10.2 Executable objects

PCE defines executable objects. Executable objects (called code objects) can be compared to lambda functions in Lisp. They are used in the contexts given below.

Two major groups of code objects are distinguished: procedures and functions. The first only returns status information similar to the send-operation. The latter returns a value or failure status information similar to the get-operation.

10.2.1 Procedures

Procedures perform an action when executed. Similar to Prolog, the execution of a procedure either returns successful or failed completion. Procedures are normally executed by the object or method they are handed to. For example, the procedure associated to a button object is executed when the button is pressed. The procedure handed to the `chain->for_all' method we have seen above is executed by this method for each element of the chain.

Procedures can also be executed explicitly using the method `code->forward'. This binds the argument-forwarding objects @arg1, ..., and then executes the procedure and restores the old bindings of argument-forwarding objects. For example:

1 ?- new(@m, message(@prolog, format, 'Hello ~w~n', @arg1)).
2 ?- send(@m, forward, world).
Hello world

The online manual may be used to get an overview of the other available code objects. See section 3.3.4.

10.2.2 Functions

Functions are code objects which ---when executed--- evaluate to a value. They are commonly used as arguments to other code objects or as arguments to any method. A function is automatically evaluated iff:

The most important function objects are:

10.2.3 Example 1: Finding objects

A common problem is to find objects, notably some specific graphical object on a window. If we want to find all instances of class box within a graphical device, we can use the call below, collecting all boxes on the device in a new chain.

        get(Dev?graphicals, find_all.
            message(@arg1, instance_of, box),

10.2.4 Example 2: Internal behaviour of dialog window

Code are most commonly used to specify the internal behaviour of dialog windows, such that the call-back predicate can concentrate on the real function. We have seen an example of this in section 2.8.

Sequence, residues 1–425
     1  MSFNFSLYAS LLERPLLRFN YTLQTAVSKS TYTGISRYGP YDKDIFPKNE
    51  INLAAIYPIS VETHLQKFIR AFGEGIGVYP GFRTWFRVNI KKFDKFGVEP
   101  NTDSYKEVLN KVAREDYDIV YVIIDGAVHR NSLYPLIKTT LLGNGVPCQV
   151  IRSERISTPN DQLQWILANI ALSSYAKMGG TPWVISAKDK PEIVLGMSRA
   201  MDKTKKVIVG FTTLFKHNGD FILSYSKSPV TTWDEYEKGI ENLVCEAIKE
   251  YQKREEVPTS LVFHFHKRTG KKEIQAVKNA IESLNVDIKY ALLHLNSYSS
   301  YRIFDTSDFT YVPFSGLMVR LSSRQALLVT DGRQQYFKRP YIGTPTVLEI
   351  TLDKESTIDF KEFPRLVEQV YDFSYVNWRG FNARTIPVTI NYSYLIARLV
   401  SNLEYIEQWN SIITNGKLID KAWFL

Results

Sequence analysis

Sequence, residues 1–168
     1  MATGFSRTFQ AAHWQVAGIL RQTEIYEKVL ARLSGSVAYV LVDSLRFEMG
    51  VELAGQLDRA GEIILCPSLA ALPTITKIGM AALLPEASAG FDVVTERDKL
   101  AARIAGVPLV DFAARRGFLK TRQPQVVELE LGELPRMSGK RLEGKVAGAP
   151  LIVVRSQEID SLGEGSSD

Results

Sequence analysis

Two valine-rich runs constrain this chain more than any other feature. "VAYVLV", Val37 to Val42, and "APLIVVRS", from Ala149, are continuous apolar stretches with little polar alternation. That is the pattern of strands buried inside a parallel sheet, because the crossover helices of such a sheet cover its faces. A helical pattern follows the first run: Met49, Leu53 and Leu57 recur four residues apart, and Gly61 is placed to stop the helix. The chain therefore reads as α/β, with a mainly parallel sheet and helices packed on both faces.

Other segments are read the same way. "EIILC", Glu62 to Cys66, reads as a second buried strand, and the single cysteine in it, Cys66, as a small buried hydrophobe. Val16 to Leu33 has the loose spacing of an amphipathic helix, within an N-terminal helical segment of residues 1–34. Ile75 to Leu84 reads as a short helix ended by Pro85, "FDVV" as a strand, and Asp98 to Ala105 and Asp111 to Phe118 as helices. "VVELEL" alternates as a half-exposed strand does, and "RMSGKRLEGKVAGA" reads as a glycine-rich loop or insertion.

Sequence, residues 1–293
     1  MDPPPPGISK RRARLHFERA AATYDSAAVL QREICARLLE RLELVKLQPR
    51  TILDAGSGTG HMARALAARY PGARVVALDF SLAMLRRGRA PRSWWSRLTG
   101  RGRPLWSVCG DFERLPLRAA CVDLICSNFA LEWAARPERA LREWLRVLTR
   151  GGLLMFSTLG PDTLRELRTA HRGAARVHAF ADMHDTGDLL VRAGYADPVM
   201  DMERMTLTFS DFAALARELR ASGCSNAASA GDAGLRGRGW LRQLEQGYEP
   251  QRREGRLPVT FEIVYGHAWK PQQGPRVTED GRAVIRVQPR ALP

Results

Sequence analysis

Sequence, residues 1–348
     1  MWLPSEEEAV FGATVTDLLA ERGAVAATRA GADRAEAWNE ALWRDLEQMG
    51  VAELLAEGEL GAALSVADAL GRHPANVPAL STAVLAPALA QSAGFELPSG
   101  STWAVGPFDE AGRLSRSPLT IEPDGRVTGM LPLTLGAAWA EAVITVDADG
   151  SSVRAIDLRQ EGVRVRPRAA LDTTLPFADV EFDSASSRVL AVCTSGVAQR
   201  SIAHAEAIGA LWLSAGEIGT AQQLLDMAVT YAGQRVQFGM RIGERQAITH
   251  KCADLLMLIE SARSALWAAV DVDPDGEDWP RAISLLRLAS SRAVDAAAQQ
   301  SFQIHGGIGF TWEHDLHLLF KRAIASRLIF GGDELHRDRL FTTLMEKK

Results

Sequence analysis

Below there is another example. Data is assumed to be an XPCE string object containing a PostScript® description of a graphical object as can be obtained using

        get(Graphical, postscript, PostScriptString),

In this example both the internal dynamics of the dialog window (the label of the text-entry fields changes if the user switches from file to printer) and grabbing the arguments from the various dialog items is written using XPCE executable objects. Prolog will only be called to do the real work: printing the data to the requested destination.

Note that XPCE/Prolog does not require you to use XPCE executable objects this way. It is also possible to call Prolog from both the menu and the buttons, passing the dialog window as argument and write all behaviour in Prolog. We leave this as an exercise to the user.

postscript(Data) :-
        new(D, dialog('Print destination')),
        send(D, append, new(T, menu(destination, marked))),
        send_list(T, append, [printer, file]),
        send(T, layout, horizontal),
        send(D, append,
             new(A, text_item(printer_name, 'PostScript'))),
        send(T, message,
             if(T?selection == printer,
                message(A, label,
                        ?(A, label_name, printer_name)),
                message(A, label,
                        ?(A, label_name, file_name)))),
        send(D, append,
             button(ok, and(message(@prolog,
                            message(D, destroy)))),
        send(D, append,
             button(cancel, message(D, destroy))),
        send(D, default_button, ok),
        send(D, open).
print_postscript(printer, Address, Data) :- !,
        new(F, file),
        send(F, open, write),
        send(F, append, Data),
        send(F, close),
        get(F, name, TmpFile),
        get(string('lpr -P%s %s', Address, TmpFile),
            value, Command),
        send(F, remove).
print_postscript(file, Address, Data) :-
        new(F, file(Address)),
        send(F, open, write),
        send(F, append, Data),
        send(F, close).

Figure 15 : Print destination dialog using code objects for internal behaviour